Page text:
I found some code - Carrick Mundell's "Amazon SPL Linky" - that adds links from the amazon.com catalog into the Seattle Public Library catalog. After an evening of hacking on it, I came up with the "Amazon AADL Linky", which does the same thing for the Ann Arbor District Library catalog.
(Update: Jon Udell pointed out quite correctly that Carrick's version is derived from Jon's original Library Lookup Greasemonkey script, which in turn is derived from Jon's Library Lookup bookmarklet. Thanks Jon!)
I did this after a lunch (a very mild Thai shrimp curry) with Mr. Findability, Peter Morville, who said that he doesn't use the library as much as he might because it's so easy to buy books from Amazon. & so you figure, what would it take to make it that much easier to use the library? Put it in the middle of Amazon.
Here are some build notes of what I did, which should help the next person do this for whatever system they want to do it for, and should help me remember what I did if it needs to happen again.
First, don't start from my copy of the code, start from the original script. Carrick is maintaining it and doing the necessary changes to keep it working with Firefox and Greasemonkey. You'll want to use some kind of source code control system to keep track of you changes, so that when a new release comes out you can patch in what you did and not have to figure it all out again.
The script has a number of variables at the top. I won't go through all of them, but some critical ones to start:
libraryUrlPattern (and in my copy libraryUrlPatternTrailer) are strings that represent how to do a search for a known ISBN in your catalog. Every catalog has a slightly different syntax for doing ISBN lookups, and the easiest way to find it is to go into your "advanced search" and do a lookup, copy out the URL you find and decode the results. Try to trim away any extraneous stuff like a session id.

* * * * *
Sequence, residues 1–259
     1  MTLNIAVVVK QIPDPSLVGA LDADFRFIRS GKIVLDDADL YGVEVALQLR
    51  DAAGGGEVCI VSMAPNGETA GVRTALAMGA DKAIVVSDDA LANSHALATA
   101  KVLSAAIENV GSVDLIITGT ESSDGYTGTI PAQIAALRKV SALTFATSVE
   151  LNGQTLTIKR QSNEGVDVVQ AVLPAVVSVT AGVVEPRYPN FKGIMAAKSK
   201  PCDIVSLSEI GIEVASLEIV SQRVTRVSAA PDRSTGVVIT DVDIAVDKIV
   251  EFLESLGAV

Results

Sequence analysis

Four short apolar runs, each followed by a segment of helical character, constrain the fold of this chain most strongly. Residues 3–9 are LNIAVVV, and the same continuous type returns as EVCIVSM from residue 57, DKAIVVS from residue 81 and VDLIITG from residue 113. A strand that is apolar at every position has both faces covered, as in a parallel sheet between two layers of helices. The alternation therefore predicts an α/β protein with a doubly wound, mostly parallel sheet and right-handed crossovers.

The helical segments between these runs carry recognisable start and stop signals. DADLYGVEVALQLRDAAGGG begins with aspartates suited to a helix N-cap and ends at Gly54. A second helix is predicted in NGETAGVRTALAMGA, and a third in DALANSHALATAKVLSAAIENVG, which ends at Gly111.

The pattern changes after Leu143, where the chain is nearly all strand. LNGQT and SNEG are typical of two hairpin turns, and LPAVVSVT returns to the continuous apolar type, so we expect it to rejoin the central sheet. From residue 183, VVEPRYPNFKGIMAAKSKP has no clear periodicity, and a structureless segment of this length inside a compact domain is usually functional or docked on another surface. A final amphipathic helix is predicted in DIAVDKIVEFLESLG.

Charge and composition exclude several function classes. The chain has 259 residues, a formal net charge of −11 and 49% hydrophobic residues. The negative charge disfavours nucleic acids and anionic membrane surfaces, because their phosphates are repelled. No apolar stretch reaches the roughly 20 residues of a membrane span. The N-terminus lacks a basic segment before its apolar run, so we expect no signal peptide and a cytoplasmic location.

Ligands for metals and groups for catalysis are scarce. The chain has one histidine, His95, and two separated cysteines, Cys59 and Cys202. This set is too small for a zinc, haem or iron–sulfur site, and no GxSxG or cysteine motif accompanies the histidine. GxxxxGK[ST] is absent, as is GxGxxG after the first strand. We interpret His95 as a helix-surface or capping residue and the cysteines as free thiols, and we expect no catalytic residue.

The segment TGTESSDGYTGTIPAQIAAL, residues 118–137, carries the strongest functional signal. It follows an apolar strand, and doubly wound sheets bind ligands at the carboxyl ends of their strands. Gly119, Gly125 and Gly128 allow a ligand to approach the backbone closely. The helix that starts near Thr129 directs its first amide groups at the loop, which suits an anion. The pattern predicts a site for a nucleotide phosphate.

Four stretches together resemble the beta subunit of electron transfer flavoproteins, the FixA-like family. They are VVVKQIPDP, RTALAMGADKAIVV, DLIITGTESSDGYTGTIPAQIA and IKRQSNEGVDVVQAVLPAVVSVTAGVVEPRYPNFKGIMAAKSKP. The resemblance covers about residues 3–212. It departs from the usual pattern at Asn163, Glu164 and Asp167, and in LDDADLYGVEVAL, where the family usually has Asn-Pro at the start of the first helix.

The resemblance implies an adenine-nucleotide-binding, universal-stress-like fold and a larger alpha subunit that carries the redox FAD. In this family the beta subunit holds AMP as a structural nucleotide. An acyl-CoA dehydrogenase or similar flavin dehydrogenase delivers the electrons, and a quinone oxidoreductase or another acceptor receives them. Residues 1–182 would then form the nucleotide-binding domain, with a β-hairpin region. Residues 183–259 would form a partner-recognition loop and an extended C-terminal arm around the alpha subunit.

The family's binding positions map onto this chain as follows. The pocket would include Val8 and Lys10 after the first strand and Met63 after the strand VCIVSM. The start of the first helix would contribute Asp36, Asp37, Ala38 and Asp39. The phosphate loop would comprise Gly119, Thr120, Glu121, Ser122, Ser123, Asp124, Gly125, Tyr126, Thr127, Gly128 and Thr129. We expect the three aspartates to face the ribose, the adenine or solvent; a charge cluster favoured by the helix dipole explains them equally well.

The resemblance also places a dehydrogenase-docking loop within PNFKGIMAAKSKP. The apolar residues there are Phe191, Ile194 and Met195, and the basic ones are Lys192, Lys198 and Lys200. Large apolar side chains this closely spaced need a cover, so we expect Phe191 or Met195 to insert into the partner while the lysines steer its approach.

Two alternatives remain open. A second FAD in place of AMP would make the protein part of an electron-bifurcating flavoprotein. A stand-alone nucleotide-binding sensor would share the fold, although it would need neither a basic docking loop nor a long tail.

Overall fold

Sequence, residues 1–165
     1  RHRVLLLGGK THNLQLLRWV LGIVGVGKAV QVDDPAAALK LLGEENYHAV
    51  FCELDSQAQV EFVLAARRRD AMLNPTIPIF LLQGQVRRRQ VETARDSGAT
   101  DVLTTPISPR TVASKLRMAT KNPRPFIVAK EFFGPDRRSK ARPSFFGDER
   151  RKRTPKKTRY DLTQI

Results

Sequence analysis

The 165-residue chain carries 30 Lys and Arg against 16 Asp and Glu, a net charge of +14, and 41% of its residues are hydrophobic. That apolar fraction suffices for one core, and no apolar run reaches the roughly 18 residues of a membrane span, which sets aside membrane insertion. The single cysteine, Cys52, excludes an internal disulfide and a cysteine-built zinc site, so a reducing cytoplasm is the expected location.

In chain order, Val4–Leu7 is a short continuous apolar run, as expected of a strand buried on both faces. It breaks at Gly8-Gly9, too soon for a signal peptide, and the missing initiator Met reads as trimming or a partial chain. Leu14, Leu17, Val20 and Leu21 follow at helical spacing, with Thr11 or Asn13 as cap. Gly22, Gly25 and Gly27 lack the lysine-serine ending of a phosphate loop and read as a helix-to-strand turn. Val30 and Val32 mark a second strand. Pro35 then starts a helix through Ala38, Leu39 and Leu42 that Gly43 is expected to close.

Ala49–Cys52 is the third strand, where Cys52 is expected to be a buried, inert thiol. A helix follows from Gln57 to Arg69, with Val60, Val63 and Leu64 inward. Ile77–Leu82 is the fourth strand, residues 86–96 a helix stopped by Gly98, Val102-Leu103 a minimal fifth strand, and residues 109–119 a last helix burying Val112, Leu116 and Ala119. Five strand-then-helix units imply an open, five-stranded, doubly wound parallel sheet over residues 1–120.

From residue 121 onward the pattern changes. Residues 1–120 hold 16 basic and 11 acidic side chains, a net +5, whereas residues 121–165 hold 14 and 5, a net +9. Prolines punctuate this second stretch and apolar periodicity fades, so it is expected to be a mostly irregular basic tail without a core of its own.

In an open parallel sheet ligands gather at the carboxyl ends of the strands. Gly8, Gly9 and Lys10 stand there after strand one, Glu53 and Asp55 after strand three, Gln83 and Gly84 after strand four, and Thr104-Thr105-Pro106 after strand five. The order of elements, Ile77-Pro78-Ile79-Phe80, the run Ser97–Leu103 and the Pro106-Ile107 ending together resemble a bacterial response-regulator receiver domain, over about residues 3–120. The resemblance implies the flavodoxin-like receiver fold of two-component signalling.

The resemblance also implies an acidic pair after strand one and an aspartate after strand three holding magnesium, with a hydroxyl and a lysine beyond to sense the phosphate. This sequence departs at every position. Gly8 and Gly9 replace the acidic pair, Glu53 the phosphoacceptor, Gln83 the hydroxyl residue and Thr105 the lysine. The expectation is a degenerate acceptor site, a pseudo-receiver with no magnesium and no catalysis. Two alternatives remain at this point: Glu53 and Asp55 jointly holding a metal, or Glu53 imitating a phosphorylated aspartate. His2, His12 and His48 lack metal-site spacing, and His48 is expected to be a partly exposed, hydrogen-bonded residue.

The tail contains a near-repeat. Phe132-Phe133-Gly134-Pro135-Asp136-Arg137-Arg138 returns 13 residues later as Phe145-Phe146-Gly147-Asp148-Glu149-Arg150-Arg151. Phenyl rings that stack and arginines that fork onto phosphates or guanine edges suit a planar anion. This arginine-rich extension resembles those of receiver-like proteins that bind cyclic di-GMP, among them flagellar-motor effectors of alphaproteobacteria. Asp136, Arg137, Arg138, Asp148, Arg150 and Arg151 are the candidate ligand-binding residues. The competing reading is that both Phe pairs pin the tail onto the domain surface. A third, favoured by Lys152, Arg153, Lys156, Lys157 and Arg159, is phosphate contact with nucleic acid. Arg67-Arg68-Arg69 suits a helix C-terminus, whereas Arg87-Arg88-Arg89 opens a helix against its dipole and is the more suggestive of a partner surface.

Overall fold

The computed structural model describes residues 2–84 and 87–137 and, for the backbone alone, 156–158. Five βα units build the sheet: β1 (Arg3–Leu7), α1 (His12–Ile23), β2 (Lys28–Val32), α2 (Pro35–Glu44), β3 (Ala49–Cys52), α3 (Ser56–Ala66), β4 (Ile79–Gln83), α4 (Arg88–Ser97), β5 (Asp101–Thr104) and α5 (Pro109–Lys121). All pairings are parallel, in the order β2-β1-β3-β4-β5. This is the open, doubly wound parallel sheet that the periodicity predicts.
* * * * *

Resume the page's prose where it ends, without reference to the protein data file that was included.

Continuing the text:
notFound is a pattern that matches the screen that gets returned when your catalog has no holdings for that item. The catalog might try to be extra-helpful and tell you about all kinds of other things it has, but you want to zero in on the bit of bad news.
libraryAvailability, libraryOnOrder, libraryInProcess, libraryHolds, and libraryDue are all patterns that match the state of the system regarding hold status. Find items in each of those states - a book that's in, a book on order, a book in processing, a book with lots of holds, and a book that's due back - and determine the unique string that signals that state. You might need to be clever about it, because e.g. the AADL has "Zoom Lends" which means you can pay to get "S is for Silence" right away if you want to bypass the hold queue. I don't count that as "Available".
If you're not familiar with regular expressions, this is not the place to teach them. Know that \d matches a digit, \- matches a -, and a phrase in (parenthesis) can be returned as a match string.
On to the logic of the program. The program tests for a number of conditions in order to figure out what the state of the world is with that title. I had to reorganize the if/elseif clauses a little bit to get the "S is for Silence" + Zoom Lends case right, so that it looked for hold status before it looked for available copies. I'm not entirely happy with how my code picks out the due date, because that's not terribly meaningful with lots of copies out and lots on hold, and the catalog doesn't predictably return the "first" due date first. You might be able to use it as is.
You'll need to adjust the very top stanza, the @namespace part, to reflect the server you're putting the code on. Save it somewhere it can be downloaded. It requires Firefox 1.5 and a current Greasemonkey, which are easy enough to install.
To use it, fire up amazon.com and start browsing. When you hit a book title, you should see the status of it in your catalog appropriately highlighted under the title. Click through to confirm, and if it's not quite right iterate until it is right. The two things I needed to do iteratively were to adjust the regular expressions and to resort the test order.
Hope this helps.